One of areas hardest hit by flash flooding in West Virginia was the community of Clendenin where homes were washed away and a large cooler ended up in the tree tops.
What once was a supermarket parking lot quickly became the informal drop off spot for food, clothing, cleaning material, mops and brooms. Organization had to be brought from the growing chaos and that’s where Chris Walters entered the picture.
Walters is a state senator whose district includes the community. He’s also an American Red Cross volunteer, who armed with his cell phone, note pad and organizational skills took charge of the community operation.
The parking lot which once stood under nearly 20 feet of water was configured as a drive-through area with food and ice at one location, cleanup supplies at another and clothing and household items still at another.
Chris is easy to spot. He’s the one with the Red Cross vest, moving from greeting people wanting to help, to talking to a family about their needs, talking on the phone to cut through government red tape, updating the community with his latest Facebook posting and grabbing a donut on the run.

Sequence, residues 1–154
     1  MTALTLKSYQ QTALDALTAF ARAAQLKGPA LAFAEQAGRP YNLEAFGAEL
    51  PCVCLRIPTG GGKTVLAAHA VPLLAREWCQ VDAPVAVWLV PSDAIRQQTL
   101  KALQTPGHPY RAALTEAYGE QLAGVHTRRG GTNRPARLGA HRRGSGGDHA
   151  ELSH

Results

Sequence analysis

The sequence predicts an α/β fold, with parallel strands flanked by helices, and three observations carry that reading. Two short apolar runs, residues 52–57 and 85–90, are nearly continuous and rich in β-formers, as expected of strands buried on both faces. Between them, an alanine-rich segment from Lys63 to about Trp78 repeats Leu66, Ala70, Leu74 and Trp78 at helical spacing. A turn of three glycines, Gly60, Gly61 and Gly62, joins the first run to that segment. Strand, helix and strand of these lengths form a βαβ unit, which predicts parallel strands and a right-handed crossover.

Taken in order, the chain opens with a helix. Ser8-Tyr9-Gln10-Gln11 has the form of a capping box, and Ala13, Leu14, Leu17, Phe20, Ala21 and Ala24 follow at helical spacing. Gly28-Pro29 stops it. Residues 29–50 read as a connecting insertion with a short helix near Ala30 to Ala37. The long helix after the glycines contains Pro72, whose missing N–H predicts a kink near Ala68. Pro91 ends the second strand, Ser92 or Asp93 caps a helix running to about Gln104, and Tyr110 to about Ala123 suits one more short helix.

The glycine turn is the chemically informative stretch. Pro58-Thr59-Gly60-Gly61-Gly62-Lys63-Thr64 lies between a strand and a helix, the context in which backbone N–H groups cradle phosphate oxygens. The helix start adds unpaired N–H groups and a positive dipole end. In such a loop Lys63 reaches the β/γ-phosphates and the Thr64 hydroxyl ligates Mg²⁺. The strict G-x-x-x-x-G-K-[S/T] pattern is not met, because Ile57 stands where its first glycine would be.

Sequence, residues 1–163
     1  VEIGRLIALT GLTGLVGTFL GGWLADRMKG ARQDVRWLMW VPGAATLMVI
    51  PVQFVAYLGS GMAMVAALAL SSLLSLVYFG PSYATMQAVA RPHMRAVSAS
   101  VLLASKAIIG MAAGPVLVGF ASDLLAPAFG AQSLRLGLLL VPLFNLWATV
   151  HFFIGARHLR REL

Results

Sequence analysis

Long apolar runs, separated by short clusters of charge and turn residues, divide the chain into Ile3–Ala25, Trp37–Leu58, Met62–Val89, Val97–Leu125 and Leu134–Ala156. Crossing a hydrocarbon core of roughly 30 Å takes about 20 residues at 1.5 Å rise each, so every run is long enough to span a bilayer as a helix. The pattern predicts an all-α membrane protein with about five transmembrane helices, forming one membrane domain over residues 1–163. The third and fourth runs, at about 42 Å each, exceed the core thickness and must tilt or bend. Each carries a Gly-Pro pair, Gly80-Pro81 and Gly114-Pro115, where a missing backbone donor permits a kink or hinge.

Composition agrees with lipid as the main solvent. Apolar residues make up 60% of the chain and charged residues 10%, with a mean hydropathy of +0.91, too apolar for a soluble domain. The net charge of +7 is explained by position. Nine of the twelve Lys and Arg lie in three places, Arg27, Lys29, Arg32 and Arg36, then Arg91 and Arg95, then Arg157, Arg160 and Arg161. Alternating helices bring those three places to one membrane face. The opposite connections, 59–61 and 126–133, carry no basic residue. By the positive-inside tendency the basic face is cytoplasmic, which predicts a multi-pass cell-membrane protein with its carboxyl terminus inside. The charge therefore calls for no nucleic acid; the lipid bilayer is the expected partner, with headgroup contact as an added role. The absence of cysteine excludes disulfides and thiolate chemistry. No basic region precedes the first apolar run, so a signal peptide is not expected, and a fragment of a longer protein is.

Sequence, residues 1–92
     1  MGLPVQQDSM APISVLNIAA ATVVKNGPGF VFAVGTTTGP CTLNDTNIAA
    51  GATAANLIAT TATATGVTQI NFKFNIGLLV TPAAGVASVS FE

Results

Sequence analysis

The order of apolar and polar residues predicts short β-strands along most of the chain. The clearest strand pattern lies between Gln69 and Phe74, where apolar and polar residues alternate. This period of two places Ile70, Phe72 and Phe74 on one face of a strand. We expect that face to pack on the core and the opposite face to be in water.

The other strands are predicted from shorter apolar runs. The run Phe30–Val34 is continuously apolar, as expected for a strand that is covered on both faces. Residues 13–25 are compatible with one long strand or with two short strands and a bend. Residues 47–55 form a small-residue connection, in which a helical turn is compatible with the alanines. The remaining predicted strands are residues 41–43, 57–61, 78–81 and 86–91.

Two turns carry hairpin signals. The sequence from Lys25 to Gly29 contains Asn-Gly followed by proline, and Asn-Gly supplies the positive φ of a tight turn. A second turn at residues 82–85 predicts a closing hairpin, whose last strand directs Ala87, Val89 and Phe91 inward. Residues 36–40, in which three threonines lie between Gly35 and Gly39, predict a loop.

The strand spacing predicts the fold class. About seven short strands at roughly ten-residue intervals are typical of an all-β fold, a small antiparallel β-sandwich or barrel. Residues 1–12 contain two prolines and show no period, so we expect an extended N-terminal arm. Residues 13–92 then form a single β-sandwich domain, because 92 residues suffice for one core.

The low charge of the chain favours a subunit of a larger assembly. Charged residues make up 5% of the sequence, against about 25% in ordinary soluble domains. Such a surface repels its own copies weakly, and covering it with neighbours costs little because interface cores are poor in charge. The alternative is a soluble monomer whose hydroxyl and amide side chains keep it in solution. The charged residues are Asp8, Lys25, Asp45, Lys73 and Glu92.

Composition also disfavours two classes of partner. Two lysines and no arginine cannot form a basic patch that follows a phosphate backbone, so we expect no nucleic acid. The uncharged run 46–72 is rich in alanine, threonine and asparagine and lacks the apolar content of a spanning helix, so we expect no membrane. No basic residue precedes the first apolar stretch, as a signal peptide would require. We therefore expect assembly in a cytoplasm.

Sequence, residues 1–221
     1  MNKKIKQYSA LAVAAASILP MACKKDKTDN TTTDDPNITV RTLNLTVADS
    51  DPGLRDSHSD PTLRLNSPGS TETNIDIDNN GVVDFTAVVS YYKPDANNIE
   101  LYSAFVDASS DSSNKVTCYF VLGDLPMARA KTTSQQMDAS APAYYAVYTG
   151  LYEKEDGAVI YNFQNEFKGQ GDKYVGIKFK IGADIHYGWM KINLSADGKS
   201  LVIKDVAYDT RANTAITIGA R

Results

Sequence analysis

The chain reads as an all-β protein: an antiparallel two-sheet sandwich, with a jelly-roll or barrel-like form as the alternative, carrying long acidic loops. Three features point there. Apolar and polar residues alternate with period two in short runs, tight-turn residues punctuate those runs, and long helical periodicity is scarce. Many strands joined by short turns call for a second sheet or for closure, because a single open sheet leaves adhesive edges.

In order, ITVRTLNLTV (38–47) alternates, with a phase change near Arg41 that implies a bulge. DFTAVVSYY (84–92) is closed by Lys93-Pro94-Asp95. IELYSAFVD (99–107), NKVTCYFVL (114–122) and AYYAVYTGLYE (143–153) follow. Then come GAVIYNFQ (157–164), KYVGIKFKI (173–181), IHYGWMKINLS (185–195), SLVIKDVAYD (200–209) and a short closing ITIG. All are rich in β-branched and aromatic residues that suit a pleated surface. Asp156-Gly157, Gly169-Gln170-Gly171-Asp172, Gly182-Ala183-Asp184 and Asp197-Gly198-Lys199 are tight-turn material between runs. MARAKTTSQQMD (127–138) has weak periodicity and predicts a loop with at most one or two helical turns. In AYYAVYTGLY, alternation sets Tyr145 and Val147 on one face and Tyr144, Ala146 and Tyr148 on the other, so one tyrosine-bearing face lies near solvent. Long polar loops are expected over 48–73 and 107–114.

“We’re trying to build it back one business at a time. This isn’t going to be quick by any means…,” he started to explain when his cell phone rang.
“Yes, we need all the help we can get. I have an elderly lady who needs some help. You can? Great! ” he told the caller before giving directions to the woman’s house.
He returns to the interrupted conversation, picking up where he left off.
“I’ve known these people all my life. When people are in need of help, it’s instilled in me to help…,” he continued.
A woman with three children walks up needing clothing and Chris gently leads her by the arm to a community volunteer who helps. Somebody then needs help opening a large box containing hundreds of sponges and Chris lends a hand.
Chris said he isn’t doing this for political gain.
“I’m doing it for the people. When I took the oath to serve I meant it. The only way to rebuild West Virginia is we wall rebuild it together,” he said.
But he did concede that being a state senator has its advantages when it comes to getting help from government agencies. He said people came by asking for tetanus shots. A public health clinic was set up in a tent and about 2,000 people were vaccinated.
He’s known to the local media, so if he wants to get the word out about needing crow bars, saws and the like, Chris calls the TV stations and they show up and his message is on the evening news.
Chris said people are getting beyond immediate needs like bleach and cleanup kits and moving into the more time consuming and costly areas of replacing dry wall, electrical systems, flooring and ceilings.
“This was a depressed area to begin with and then this happens. We’re going to have to figure it out and it’s going to be tough,” Chris continued.